The one that sticks out was 7 March. I had always planned to go home the week prior because my grandma had written a book and I wanted to attend the launch. I was on the train back to Swansea, where I had to pick up the coast again, and I suddenly couldn’t stop crying. I just really, really, really didn’t want to go back. I think it’s because I felt like I had done so much already, I had ran well over 1000 miles at this point, yet there was still so much left to do. Why hadn’t I just picked something a bit shorter? People kept asking if I was okay (I really was crying a lot) and I was like, erm, yes, I just have to go running... which didn’t incite much sympathy. That was definitely a rough patch. That’s where the two-week challenge came from.
What’s happened off the back of the challenge? Any more challenges in the works?
It still feels a bit crazy how much has happened off the back of The Coast. I just wanted to go for a run, to see if I could do something that seemed impossible, but then I started talking about it on the internet and as a result have had some amazing opportunities. I’m doing quite a bit of speaking, at adventure festivals and things. I really enjoy it, which is surprising because prior to setting off I was so petrified of standing up to talk in front of anybody. I have some smaller challenges planned for 2017 and a few runs overseas too, like the Sierra Leone Marathon with StreetChild. I’m also training to be a personal trainer and it’s so interesting to start thinking about my experiences in a more scientific way.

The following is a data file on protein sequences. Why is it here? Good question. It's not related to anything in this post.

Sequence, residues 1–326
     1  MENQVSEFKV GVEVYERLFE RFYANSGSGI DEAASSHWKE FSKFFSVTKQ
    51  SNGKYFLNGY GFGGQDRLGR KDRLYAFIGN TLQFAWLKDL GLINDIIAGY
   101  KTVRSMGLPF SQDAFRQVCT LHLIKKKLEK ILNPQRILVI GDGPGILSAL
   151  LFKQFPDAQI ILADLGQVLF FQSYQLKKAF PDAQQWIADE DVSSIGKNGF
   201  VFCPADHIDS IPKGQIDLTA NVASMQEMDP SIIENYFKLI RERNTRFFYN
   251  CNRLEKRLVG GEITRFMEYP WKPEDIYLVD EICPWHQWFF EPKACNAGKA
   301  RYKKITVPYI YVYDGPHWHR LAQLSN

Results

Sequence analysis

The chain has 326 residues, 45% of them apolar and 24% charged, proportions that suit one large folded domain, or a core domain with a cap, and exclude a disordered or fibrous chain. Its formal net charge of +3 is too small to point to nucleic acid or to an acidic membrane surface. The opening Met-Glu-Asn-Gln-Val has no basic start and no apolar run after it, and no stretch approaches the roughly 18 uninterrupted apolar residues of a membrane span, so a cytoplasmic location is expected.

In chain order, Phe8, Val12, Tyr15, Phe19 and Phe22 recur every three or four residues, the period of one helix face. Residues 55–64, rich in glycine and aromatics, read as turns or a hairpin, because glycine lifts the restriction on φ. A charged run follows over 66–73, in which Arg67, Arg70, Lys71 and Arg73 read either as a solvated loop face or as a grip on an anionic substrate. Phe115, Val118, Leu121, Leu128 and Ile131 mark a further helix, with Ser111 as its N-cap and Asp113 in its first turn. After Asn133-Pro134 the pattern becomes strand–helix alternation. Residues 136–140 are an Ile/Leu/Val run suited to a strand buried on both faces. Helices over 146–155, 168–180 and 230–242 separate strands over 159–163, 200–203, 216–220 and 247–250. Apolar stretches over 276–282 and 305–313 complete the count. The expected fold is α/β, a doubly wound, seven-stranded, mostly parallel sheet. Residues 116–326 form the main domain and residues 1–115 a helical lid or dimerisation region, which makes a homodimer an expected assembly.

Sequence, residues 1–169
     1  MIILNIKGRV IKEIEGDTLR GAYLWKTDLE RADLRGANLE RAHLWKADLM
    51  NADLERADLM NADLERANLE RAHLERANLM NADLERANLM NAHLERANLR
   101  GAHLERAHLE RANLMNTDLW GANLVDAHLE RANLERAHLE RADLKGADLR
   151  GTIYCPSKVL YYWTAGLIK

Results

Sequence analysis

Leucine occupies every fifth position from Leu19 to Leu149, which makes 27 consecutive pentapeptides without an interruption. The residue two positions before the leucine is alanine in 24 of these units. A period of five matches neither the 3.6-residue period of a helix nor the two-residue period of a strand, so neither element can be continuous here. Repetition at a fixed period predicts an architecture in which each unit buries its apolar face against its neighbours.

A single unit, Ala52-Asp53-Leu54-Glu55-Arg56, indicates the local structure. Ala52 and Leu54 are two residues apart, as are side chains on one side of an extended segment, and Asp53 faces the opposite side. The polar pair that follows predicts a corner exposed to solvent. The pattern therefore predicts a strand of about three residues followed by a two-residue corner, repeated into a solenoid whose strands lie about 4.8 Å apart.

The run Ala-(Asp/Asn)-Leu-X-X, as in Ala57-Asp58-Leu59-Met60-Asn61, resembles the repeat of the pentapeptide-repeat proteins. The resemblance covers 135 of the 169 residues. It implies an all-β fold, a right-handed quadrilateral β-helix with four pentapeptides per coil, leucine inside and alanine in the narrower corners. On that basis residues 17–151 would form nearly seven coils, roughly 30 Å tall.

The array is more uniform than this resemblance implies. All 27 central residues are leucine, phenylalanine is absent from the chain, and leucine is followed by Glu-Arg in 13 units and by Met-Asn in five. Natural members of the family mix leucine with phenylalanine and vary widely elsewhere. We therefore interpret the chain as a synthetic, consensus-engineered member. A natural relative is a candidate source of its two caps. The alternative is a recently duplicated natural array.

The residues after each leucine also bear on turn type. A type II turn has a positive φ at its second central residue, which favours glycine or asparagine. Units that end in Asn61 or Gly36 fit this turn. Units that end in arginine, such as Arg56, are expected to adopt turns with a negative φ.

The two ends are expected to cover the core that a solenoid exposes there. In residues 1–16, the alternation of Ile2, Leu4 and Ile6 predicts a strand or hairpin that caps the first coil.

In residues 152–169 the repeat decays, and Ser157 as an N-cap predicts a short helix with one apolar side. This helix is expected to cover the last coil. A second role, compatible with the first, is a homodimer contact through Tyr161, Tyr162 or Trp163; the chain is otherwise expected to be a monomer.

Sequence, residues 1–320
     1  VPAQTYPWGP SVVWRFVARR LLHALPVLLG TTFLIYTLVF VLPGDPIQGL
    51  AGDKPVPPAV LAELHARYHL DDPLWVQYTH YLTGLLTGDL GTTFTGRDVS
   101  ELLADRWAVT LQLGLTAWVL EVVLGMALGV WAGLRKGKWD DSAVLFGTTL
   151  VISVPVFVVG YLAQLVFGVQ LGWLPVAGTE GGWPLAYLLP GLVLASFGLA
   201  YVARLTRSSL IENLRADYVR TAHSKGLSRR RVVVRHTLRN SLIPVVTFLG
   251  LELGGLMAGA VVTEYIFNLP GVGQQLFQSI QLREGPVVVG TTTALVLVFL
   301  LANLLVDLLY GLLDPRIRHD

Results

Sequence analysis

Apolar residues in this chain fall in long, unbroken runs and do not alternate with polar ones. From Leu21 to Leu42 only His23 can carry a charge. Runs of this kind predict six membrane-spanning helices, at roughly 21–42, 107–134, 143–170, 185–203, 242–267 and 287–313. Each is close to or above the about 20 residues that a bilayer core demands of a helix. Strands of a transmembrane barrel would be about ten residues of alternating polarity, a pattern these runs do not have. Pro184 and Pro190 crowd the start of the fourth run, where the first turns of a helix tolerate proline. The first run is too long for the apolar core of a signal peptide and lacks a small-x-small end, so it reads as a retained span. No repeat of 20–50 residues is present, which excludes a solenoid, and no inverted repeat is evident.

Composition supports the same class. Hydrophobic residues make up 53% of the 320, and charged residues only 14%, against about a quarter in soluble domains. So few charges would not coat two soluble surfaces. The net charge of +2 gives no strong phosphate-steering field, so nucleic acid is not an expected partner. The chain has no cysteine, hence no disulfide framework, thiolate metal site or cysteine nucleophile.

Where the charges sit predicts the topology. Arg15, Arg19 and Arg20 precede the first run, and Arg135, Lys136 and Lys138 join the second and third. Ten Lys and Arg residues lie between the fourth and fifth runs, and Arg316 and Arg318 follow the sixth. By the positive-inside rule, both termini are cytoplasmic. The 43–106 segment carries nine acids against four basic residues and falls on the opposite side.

#Run1000Miles must seem like a walk in the park after that! How’s it going?
Ha, people keep saying that, but it’s a different type of challenge. I’m back working for a tech start-up in London, and trying to fit running in around that and other commitments is never easy. Although the coast run was pretty full on, it was my only responsibility. I had all day ahead of me and all I had to do was go for a run, whereas now there are lots of things to juggle. I’ve just recovered from a bout of flu, so I’m actually a little behind on my mileage, but fingers crossed I’ll be back on track soon. It’s definitely making me get out for a run even when I feel like I don’t have time, which is a huge positive.
How are you planning to take on #Run1000Miles? Lots of smaller runs or big adventures?
I’m definitely going for the slow and steady approach. I’m back at work full time, so sneaking the mileage in on a daily and weekly basis is the most sustainable way for me to get it in. There have been a lot of early mornings so far. I am hoping to get out away for a few running-based holidays over the summer though, so hopefully that will bump it up a bit. My own secret goal during #Run1000Miles is to run in as many different places as possible, so I’ll be packing my running shoes everywhere I go! So far I’ve only managed Northampton, London and Snowdonia.
‘The most amazing thing I experienced was how incredibly kind people are’
Good times on the 301-day adventure far outweighed the bad
Elise was spurred on by the beauty of Britain and the kindness of strangers
2016 challenge complete, Elise is now attempting to #Run1000Miles